No records could be found for son David Merritt. An estate for a David Merritt was probated in Marblehead in 1712 and administered by a Nicholas Merritt, but David, the son of Nicholas and Elizabeth Ashton, would still have been a child at this time. He was possibly named for the David who died who died in 1712. There are as well other Davids later. I suspect not all the Merritts have been accounted for in the records that ate available.

About the Children

  • Samuel's probate identified his widow Charity Merritt and was administered by John Merritt, Nicholas Merritt, and Samuel Merritt, Jr. There is not a vital record for the birth or baptism of Samuel Jr. to this couple, and the relationship of the three men to Charity or her husband is not given. It seems quite possible Samuel and Charity would have had a son named for his father, but I can find no records for him (people with names of their uncles or other relatives were often designated as 2nd, Jr, and the like, making it sometimes difficult to determine their parentage). Samuel's probate identified him as a fisherman.

  • Elizabeth married John Pierce, brother of Robert, husband of her sister, Mary. The Pierces, like the Ashtons, were refugees from the Indian wars in Maine. Elizabeth and John Pierce had fourteen children with eleven pregnancies. They had three sets of twin girls. More unusual for the time, it appears that most of them survived infancy as at least four married. John Pierce was identified as a baker in a deed transacted in Maine in 1732 to convey some of the land inherited from their parents to a friend and in the deed conveying the "Samuel Merritt" house from his father in law Nicholas to him and his wife
  • Mary's husband was mariner Robert Pierce, brother of John (her brother-in-law). A third brother, Richard, married Hannah Bassett, the daughter of our ancestor John Bassett. Their sister, Mary, married Edward Surriage and had eight children, one of whom, Agnes, became the subject of a romantic rags-to-riches tale that appears in the Documents section for a bit of Marblehead color. Agnes' brother Isaac in turn married Ruhamah, daughter of our Richard and Jean Merritt Pedrick. The Surriage family being large and poor, Agnes accepted employment as a tavern maid at the Fountain Inn in Marblehead as a teenager and captured the fancy of an Englishman who was part of the gentry.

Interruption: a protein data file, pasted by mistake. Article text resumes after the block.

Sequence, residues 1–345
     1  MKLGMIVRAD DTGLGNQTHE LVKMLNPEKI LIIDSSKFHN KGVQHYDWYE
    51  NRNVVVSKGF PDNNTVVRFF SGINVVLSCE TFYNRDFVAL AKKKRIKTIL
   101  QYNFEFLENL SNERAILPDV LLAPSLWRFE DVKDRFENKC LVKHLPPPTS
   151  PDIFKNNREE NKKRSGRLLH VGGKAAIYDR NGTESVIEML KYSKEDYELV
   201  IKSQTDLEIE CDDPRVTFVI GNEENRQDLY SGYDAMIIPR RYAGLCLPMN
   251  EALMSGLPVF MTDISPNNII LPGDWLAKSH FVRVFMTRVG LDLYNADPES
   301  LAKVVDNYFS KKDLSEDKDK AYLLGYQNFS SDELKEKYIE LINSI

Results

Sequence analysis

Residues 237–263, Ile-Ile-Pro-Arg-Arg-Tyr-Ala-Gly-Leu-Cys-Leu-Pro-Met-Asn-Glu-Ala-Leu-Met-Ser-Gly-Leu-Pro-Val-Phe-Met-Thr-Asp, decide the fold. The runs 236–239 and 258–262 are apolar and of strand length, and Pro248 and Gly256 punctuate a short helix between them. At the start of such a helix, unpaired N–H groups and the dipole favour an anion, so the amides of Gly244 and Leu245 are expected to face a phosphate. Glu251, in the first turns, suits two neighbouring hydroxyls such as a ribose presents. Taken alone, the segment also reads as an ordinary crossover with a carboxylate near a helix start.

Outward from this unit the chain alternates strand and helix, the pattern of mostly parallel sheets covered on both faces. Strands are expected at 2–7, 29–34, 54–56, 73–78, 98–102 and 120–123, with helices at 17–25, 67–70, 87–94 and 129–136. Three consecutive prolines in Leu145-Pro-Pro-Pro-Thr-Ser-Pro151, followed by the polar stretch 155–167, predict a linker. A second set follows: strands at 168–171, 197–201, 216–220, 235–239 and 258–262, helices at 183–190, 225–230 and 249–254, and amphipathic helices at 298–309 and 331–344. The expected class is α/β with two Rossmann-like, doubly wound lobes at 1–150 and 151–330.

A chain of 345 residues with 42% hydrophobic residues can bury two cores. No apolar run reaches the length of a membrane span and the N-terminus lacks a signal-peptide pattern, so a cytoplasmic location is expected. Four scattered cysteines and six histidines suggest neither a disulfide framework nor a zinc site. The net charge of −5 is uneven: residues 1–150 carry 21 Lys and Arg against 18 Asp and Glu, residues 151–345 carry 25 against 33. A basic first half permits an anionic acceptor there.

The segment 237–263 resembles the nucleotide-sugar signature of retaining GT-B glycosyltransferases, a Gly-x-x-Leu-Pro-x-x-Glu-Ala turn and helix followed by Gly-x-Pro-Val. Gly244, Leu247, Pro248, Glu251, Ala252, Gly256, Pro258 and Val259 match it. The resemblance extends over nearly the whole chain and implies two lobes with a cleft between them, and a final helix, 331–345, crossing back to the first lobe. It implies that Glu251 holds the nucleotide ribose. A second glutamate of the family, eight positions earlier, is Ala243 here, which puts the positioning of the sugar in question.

• Nicholas was a fisherman at the time he and his cousins Joseph Libby and Phillip Ashton were captured by the pirate Edward Low and held against their will. Nicholas was one of a group released off of North Africa a few months later. Nicholas seized a ship just captured intending to set off for England, but a shortage of supplies took them to the Azores where they were arrested and thrown in jail. Nicholas remained four months in a dank cell fed on one meal of thin cabbage soup a day. He contracted a mild case of smallpox which weakened him further. He was released penniless with no explanation. He could neither speak nor understand the language, but managed to find odd jobs on the docks until a ship from New England offered him a job as a deck hand and passage home. He arrived 20 Sep 1723 to the great happiness of his family but also to the news that his cousin Phillip Ashton was still missing and that their cousin Joseph Libby had been hanged a little over a month earlier on 19 Jul 1723. More information about this incident can be found on the family group page for his mother's patents and in the documents section for this family. What he did after his adventure has not been determined.